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Fans come from near, far to watch NCAA teams in Spokane

Purdue fans, from left: Jon Kramer (father of Purdue player Chris Kramer), along with Rob and Jean Cole, congratulate JaJuan Johnson after he scored 23 point to help defeat Siena in a first-round NCAA tournament game Friday, March 19, 2010, in the Spokane Arena. (Dan Pelle / The Spokesman-Review)
Purdue fans, from left: Jon Kramer (father of Purdue player Chris Kramer), along with Rob and Jean Cole, congratulate JaJuan Johnson after he scored 23 point to help defeat Siena in a first-round NCAA tournament game Friday, March 19, 2010, in the Spokane Arena. (Dan Pelle / The Spokesman-Review)

Jim Campbell had to pull a few strings to book hotel room in Spokane. Sadly for him, those connections couldn’t help his outgunned alma mater Siena against Big Ten powerhouse Purdue.

Campbell and his wife, Cynthia, made the $1,800 flight from Albany, N.Y. to Spokane this week, joining a boisterous, colorful crowd here to root for eight basketball teams.

Like many fans traveling to Spokane, he couldn’t find a room. So the former vice president of Key Bank called a former boss now living in Seattle for some help.

A bit later, the Campbells had a room at the Holiday Inn Express three blocks from the Arena.

Purdue vs. Siena was the must-see game Friday. Purdue’s late-season problems, spurred by the loss of star Robbie Hummels to injury, sank the Boilermakers’ standing as one of the nation’s elite teams. It’s why Siena became a trendy bracket pick. Even President Obama picked the Saints of Loudonville, N.Y.

“We’re feeling very positive” Campbell said before the game. Siena and Purdue are not much alike.

Siena, a Catholic school established by the Franciscan Order, has 3,000 students and turns out plenty of business people and accountants. It was an all-male college until the 1960s, said Campbell, of the class of 1962.

The school also had the support of upset-loving Gonzaga fans who struck a fanbase-to-fanbase deal that had Siena fans attending the NCAA First Round tournament in Buffalo cheering for the Bulldogs.

At the other side of the Spokane Veterans Memorial Arena, Jon Kramer milled about with several other Purdue fans. He was ignoring the talk of an early Boilermakers’ exit.

“We’re ready to play,” he said. “We’re feeling good about our chances.”

Purdue has nearly 40,000 students and is noted for its aerospace program and famous astronaut graduates.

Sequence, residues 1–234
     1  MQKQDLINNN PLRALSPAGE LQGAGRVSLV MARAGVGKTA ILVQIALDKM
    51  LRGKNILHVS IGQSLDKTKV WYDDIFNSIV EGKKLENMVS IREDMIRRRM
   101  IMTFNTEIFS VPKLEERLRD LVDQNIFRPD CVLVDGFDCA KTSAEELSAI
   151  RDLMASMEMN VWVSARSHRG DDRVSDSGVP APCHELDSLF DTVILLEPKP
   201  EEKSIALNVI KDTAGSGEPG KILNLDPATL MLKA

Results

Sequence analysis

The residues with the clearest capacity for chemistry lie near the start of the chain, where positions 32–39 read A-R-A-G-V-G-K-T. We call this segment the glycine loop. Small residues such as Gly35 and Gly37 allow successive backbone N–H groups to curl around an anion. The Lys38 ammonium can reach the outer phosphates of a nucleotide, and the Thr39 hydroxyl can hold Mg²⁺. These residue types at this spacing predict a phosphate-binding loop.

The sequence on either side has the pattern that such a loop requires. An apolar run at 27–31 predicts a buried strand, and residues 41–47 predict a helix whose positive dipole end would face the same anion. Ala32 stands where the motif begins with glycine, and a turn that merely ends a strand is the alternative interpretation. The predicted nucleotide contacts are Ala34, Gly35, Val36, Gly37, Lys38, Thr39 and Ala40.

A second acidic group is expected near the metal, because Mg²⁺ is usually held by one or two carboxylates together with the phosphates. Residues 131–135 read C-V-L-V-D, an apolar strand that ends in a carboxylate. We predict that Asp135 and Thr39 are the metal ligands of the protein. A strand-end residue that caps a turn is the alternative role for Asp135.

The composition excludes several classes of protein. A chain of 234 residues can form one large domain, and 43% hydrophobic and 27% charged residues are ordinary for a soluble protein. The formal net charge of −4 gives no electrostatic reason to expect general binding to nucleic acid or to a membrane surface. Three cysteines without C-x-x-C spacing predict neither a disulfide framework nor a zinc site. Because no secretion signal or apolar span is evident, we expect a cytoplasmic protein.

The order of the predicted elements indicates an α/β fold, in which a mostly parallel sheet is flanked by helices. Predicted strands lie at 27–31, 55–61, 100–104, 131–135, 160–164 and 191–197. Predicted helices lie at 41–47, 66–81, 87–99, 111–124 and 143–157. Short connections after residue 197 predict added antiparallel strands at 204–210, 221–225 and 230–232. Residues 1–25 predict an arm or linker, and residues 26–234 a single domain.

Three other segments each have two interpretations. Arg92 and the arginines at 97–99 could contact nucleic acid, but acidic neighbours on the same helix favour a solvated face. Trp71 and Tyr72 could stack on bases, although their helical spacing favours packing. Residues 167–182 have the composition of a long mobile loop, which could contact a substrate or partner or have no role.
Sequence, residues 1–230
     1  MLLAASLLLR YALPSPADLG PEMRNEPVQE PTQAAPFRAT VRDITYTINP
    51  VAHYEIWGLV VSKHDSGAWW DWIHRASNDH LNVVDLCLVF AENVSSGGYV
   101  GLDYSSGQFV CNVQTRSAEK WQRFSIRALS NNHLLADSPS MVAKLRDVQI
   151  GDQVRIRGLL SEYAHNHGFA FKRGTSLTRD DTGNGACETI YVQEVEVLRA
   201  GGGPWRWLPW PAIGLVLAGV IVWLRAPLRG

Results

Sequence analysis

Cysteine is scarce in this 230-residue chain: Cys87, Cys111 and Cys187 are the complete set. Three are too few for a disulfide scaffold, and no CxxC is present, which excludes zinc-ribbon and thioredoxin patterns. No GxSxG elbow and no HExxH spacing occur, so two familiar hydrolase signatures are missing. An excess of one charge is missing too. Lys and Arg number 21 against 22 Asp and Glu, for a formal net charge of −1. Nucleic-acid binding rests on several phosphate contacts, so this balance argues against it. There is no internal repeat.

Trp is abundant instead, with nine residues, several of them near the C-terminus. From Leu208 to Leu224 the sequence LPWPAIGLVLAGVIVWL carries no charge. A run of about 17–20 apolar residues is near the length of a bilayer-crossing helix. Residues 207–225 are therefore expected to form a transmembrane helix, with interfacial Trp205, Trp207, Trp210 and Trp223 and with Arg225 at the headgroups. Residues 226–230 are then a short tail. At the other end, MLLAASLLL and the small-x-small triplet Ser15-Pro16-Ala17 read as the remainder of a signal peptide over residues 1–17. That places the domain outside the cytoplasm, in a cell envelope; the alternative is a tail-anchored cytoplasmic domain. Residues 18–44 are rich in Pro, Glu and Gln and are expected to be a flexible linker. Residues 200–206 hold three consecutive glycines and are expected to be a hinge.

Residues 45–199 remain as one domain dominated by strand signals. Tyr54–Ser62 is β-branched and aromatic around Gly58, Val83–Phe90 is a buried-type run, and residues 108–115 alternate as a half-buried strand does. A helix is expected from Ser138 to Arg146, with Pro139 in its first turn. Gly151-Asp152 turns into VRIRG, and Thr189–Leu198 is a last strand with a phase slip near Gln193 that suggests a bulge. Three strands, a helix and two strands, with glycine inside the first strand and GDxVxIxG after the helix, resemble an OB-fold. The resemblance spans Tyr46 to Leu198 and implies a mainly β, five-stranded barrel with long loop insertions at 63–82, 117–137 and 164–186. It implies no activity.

Kramer isn’t just another fan. His son Chris is a starter on Purdue and perhaps channeled his father’s confidence on two big plays during the decisive run to open the second half. He stole the ball and dunked to cap a 13-0 run that put the Boilermakers in front 42-32.

And yet it may have been a hustle play – the kind that made fans clench their fists and yell – that set the tone. Kramer grabbed a loose bouncer on the baseline and, while in the air, hurled it off a Siena player and out of bounds. Words and tough stares were exchanged as Kramer stood his ground. It was Kramer’s way of telling Siena: “Purdue is playing Sunday.”

Purdue then held off a late Siena surge.

After the game, Siena trombone player John Amann adjusted an army helmet he decorated with school logos and acknowledged “the guys played really well. That’s what happens sometimes.”

Bass drum player Vansh Langer concurred.

“Tough loss for us,” he said. “But we had a blast in Spokane.”

The band and the team planned to leave Friday night on a chartered flight back to Albany.

A day before the games got under way, Melissa Hawley brought her 4-year-old daughter, Reagan, and her pal Zoe Love to the Thursday afternoon shoot-around dressed up in Texas A&M Aggies maroon.

“We’re just a huge sports family,” said the fan from Spokane. Texas A&M has a local alumni club.

Aggies fans are making their presence felt this weekend. Even before their team’s opening tip against Utah State, many were hissing and hexing in-state rival Texas on Thursday night at Heroes & Legends sports bar in downtown Spokane. They cheered as Wake Forest sealed a win with a pull-up jumper from 17 feet with 1.3 seconds to play.

Texas A&M had an easier time Friday in a win over the other Aggies, of Utah State.

Mike Leonhardt and his father, Ivan, drove from Logan, Utah to watch the game and felt their team had a legitimate shot an upset.

“If they play Aggies basketball they’ll do well,” Leonhardt said. “If not, we’ve had a great time.”

They arrived Thursday night, and had to book a room in Coeur d’Alene.

Rooms were hard to find over the weekend as 435 high school volleyball teams converged on Spokane for a tournament. The number of players, parents and fans outpaced even the NCAA tournament, according to the Spokane Regional Sports Commission.

The Campbells, retired and staying until Tuesday, are unsure if they’ll go to Sunday’s games.

“We might just see the sights around here,” said Cynthia. “Lovely place you have here.”



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